“I see that you have in your house hunting-dogs and a number of pedigree cocks. Have you ever considered something about their unions and procreations?”
“What?” he said.
“In the first place,” I said, “among these themselves, although they are a select breed, do not some prove better than the rest?”
“They do,” [he said.]
“Do you then breed from all indiscriminately, or are you careful to breed from the best?”
“From the best,” [he replied.]
“And, again, do you breed from the youngest or the oldest, or, so far as may be, from those in their prime?”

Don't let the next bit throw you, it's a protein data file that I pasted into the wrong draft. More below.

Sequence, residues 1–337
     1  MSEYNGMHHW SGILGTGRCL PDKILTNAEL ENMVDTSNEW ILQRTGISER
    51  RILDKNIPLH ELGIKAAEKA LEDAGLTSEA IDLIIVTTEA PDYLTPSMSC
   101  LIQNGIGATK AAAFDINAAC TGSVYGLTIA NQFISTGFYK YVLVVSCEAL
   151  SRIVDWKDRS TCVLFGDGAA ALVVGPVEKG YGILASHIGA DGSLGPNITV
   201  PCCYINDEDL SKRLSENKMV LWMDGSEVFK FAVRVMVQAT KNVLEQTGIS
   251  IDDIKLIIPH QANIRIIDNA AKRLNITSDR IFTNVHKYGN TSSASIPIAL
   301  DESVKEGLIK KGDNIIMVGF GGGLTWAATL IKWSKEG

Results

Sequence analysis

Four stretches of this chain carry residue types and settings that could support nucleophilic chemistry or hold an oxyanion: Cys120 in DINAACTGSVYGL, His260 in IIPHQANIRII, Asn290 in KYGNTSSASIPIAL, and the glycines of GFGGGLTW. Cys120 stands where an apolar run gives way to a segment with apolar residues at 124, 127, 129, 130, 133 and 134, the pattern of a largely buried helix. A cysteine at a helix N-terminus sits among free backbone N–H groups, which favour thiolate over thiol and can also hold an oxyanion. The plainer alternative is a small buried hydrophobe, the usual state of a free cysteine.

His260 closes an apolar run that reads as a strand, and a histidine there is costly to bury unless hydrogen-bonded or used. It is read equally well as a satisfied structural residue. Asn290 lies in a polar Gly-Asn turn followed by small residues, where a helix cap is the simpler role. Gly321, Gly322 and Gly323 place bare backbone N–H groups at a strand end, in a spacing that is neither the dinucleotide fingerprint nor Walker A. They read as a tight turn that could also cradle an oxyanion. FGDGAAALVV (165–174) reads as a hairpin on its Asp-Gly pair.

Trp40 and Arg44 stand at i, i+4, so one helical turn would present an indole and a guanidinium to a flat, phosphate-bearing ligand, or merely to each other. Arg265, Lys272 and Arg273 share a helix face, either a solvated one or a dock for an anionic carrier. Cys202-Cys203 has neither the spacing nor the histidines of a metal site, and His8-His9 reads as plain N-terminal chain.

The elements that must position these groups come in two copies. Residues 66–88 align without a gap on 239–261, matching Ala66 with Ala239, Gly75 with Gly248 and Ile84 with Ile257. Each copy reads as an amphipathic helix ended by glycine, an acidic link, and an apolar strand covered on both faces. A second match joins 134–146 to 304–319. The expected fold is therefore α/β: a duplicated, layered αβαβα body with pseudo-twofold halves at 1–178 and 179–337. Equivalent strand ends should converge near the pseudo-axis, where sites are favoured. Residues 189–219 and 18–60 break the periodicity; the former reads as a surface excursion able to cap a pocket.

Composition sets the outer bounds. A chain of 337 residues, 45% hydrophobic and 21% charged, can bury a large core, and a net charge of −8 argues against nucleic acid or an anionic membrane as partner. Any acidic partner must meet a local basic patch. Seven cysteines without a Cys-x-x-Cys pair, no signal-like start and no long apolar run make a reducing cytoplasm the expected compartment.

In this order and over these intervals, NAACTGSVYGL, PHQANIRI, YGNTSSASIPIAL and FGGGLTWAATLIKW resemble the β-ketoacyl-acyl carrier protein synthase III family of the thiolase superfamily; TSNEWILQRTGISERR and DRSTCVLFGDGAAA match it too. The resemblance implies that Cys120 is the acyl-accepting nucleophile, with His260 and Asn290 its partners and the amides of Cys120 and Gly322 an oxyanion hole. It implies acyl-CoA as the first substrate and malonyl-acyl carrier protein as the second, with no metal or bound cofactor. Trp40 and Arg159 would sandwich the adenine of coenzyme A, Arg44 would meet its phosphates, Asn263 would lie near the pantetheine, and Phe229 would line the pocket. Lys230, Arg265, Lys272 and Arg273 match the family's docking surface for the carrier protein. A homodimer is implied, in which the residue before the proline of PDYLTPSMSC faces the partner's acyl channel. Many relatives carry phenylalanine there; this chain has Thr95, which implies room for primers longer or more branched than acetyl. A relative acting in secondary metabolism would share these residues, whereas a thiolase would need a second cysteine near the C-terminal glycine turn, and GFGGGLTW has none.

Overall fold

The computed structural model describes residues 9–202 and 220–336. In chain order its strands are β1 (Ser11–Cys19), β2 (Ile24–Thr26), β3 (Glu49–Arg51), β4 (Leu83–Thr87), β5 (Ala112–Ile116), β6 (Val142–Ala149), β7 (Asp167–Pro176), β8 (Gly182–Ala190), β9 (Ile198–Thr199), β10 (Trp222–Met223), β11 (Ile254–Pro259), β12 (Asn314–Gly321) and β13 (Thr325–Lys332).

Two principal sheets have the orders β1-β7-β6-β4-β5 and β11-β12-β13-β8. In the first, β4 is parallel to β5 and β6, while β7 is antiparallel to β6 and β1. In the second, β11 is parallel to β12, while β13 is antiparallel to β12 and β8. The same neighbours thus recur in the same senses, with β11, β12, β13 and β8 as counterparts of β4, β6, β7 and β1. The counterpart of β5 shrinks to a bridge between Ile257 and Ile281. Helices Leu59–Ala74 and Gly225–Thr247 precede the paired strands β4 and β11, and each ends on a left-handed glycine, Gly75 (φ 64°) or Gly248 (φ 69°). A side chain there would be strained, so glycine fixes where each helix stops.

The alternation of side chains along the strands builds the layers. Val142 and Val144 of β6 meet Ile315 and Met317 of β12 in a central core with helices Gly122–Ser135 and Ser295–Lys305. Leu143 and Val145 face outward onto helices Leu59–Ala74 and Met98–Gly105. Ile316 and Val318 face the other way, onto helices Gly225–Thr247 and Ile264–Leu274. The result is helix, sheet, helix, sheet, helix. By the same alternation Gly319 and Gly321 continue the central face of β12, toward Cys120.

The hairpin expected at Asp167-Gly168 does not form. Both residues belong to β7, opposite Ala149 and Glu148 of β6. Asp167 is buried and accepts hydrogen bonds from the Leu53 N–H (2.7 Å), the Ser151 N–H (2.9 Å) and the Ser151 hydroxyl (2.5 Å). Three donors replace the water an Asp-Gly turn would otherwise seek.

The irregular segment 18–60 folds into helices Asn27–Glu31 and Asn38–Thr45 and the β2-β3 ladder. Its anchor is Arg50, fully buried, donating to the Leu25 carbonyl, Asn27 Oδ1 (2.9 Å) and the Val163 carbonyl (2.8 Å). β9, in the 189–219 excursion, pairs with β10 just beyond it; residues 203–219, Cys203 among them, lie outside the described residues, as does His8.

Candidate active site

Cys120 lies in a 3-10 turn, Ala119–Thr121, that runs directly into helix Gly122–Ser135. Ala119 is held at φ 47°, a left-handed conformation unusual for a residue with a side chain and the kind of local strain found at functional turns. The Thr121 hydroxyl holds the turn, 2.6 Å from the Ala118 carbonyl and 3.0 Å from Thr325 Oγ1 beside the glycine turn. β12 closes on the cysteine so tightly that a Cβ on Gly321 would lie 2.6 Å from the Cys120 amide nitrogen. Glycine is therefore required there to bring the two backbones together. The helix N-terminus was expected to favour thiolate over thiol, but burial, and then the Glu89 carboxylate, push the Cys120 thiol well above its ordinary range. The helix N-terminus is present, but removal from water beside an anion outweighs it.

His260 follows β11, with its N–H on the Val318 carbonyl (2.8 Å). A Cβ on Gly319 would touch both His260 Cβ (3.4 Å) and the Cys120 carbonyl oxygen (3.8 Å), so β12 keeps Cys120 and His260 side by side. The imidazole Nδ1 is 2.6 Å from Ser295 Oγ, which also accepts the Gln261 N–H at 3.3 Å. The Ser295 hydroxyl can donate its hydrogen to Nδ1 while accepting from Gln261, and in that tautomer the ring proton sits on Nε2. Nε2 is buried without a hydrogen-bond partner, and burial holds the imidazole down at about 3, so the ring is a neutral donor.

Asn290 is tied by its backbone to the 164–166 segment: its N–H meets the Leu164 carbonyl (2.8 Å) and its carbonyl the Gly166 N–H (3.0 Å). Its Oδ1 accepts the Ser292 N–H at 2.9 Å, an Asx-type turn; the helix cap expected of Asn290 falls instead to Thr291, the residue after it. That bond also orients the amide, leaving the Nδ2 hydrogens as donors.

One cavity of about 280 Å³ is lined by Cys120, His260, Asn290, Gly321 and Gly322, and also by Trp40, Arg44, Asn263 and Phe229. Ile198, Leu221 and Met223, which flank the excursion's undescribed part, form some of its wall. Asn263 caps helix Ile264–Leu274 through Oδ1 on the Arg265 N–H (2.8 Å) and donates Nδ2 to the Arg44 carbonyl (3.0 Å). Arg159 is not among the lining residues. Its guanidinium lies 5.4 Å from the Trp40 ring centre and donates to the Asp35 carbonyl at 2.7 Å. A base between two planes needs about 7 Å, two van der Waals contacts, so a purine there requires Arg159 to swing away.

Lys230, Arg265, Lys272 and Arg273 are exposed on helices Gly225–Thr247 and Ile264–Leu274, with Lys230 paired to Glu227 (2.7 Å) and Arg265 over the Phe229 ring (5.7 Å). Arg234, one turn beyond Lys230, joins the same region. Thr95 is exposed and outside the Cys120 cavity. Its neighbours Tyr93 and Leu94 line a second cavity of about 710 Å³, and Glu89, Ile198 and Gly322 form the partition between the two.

“From those in their prime,” [he replied.]
“And if they are not thus bred, you expect, do you not, that your birds and hounds will greatly degenerate?”
“I do,” he said.
“And what of horses and other animals?” I said; “is it otherwise with them?”
“It would be strange if it were,” said he.
“Gracious,” said I, “dear friend, how imperative, then, is our need of the highest skill in our rulers, if the principle holds also for mankind.”